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MAGIC GAMMA-RAY TELESCOPE OBSERVATION OF THE PERSEUS CLUSTER OF GALAXIES: IMPLICATIONS FOR COSMIC RAYS, DARK MATTER, AND NGC 1275
Stockholm University, Faculty of Science, Department of Physics.
2010 (English)In: Astrophysical Journal, ISSN 0004-637X, E-ISSN 1538-4357, Vol. 710, no 1, 634-647 p.Article in journal (Refereed) Published
Abstract [en]

The Perseus galaxy cluster was observed by the MAGIC Cherenkov telescope for a total effective time of 24.4 hr during 2008 November and December. The resulting upper limits on the gamma-ray emission above 100 GeV are in the range of 4.6–7.5 × 10^{−12} cm^{−2} s^{−1} for spectral indices from −1.5 to −2.5, thereby constraining the emission produced by cosmic rays, dark matter annihilations, and the central radio galaxy NGC 1275. Results are compatible with cosmological cluster simulations for the cosmic-ray-induced gamma-ray emission, constraining the average cosmic ray-to-thermal pressure to <4% for the cluster core region (<8% for the entire cluster). Using simplified assumptions adopted in earlier work (a power-law spectrum with an index of −2.1, constant cosmic ray-to-thermal pressure for the peripheral cluster regions while accounting for the adiabatic contraction during the cooling flow formation), we would limit the ratio of cosmic ray-to-thermal energy to ECR/Eth < 3%. Improving the sensitivity of this observation by a factor of about 7 will enable us to scrutinize the hadronic model for the Perseus radio mini-halo: a non-detection of gamma-ray emission at this level implies cosmic ray fluxes that are too small to produce enough electrons through hadronic interactions with the ambient gas protons to explain the observed synchrotron emission. The upper limit also translates into a level of gamma-ray emission from possible annihilations of the cluster dark matter (the dominant mass component) that is consistent with boost factors of ∼10^{4} for the typically expected dark matter annihilation-induced emission. Finally, the upper limits obtained for the gamma-ray emission of the central radio galaxy NGC 1275 are consistent with the recent detection by the Fermi-LAT satellite. Due to the extremely large Doppler factors required for the jet, a one-zone synchrotron self-Compton model is implausible in this case. We reproduce the observed spectral energy density by using the structured jet (spine-layer) model which has previously been adopted to explain the high-energy emission of radio galaxies.

Place, publisher, year, edition, pages
2010. Vol. 710, no 1, 634-647 p.
National Category
Astronomy, Astrophysics and Cosmology
Research subject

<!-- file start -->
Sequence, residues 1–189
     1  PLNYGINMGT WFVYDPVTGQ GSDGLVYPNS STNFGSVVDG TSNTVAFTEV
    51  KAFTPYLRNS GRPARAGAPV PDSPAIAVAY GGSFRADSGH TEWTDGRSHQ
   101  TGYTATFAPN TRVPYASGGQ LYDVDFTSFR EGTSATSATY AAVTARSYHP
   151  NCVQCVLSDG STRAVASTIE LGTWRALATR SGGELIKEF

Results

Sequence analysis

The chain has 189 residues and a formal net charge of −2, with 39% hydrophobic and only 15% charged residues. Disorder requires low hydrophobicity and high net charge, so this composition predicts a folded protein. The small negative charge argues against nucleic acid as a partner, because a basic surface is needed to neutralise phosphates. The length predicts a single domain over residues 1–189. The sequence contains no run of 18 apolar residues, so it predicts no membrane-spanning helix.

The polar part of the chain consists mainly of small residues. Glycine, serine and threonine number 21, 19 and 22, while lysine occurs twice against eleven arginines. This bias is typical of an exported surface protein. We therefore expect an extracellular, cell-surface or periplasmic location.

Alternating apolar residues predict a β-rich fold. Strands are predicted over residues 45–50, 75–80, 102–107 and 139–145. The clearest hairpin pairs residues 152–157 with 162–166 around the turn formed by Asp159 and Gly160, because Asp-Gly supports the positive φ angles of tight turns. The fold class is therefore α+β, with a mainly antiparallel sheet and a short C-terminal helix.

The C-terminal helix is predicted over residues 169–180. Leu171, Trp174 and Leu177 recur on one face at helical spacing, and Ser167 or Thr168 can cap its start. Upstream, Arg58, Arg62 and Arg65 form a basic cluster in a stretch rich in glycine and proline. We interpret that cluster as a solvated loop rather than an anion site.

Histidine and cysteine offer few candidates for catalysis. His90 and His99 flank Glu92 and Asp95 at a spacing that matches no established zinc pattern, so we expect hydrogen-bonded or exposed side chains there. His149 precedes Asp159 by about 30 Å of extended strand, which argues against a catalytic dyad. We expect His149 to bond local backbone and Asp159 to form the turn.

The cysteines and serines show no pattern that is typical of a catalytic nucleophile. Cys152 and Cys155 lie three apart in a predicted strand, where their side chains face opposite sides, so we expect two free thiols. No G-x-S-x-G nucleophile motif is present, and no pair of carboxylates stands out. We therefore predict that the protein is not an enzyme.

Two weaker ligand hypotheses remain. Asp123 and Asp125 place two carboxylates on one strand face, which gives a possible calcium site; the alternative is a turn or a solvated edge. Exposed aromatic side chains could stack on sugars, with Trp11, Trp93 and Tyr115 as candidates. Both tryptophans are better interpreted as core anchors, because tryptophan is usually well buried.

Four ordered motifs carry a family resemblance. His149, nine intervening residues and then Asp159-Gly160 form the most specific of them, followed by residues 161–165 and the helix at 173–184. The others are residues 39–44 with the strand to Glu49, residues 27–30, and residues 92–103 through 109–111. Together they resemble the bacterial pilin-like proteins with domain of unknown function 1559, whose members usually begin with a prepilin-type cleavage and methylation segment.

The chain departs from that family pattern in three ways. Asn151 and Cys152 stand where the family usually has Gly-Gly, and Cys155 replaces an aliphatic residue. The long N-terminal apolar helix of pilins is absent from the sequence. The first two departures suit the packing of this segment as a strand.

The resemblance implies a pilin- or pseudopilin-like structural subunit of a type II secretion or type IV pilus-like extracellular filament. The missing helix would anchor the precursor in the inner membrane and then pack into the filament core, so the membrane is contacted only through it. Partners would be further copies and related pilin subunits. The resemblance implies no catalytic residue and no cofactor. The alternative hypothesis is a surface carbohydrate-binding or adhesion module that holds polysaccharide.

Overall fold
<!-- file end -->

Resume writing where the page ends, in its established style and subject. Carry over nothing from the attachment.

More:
Astronomy
Identifiers
URN: urn:nbn:se:su:diva-42441DOI: 10.1088/0004-637X/710/1/634ISI: 000273850800049OAI: oai:DiVA.org:su-42441DiVA: diva2:346361
Note
30 authorsAvailable from: 2010-09-01 Created: 2010-08-31 Last updated: 2011-11-23Bibliographically approved
In thesis
1. Gamma-Ray Emission from Galaxy Clusters: DARK MATTER AND COSMIC-RAYS
Open this publication in new window or tab >>Gamma-Ray Emission from Galaxy Clusters: DARK MATTER AND COSMIC-RAYS
2010 (English)Doctoral thesis, comprehensive summary (Other academic)
Abstract [en]

The quest for the first detection of a galaxy cluster in the high energy gamma-ray regime is ongoing, and even though clusters are observed in several other wave-bands, there is still no firm detection in gamma-rays.

To complement the observational efforts we estimate the gamma-ray contributions from both annihilating dark matter and cosmic-ray (CR) proton as well as CR electron induced emission.

Using high-resolution simulations of galaxy clusters, we find a universal concave shaped CR proton spectrum independent of the simulated galaxy cluster. Specifically, the gamma-ray spectra from decaying neutral pions, which are produced by CR protons, dominate the cluster emission. Furthermore, based on our derived flux and luminosity functions, we identify the galaxy clusters with the brightest galaxy clusters in gamma-rays. While this emission is challenging to detect using the Fermi satellite, major observations with Cherenkov telescopes in the near future may put important constraints on the CR physics in clusters.

To extend these predictions, we use a dark matter model that fits the recent electron and positron data from Fermi, PAMELA, and H.E.S.S. with remarkable precision, and make predictions about the expected gamma-ray flux from nearby clusters. In order to remain consistent with the EGRET upper limit on the gamma-ray emission from Virgo, we constrain the minimum mass of substructures for cold dark matter halos. In addition, we find comparable levels of gamma-ray emission from CR interactions and dark matter annihilations without Sommerfeld enhancement.

Place, publisher, year, edition, pages
Stockholm: Department of Physics, Stockholm University, 2010. 117 p.
Keyword
Galaxy clusters, gamma-rays, cosmic-rays, dark matter
National Category
Astronomy, Astrophysics and Cosmology
Research subject
Theoretical Physics
Identifiers
urn:nbn:se:su:diva-42453 (URN)978-91-7447-141-0 (ISBN)
Public defence
2010-10-01, FB53, AlbaNova universitetscentrum, Roslagstullsbacken 21, Stockholm, 13:00 (English)
Opponent
Supervisors
Note
At the time of the doctoral defense, the following papers were unpublished and had a status as follows: Paper 2: Accepted.Available from: 2010-09-09 Created: 2010-08-31 Last updated: 2010-09-03Bibliographically approved

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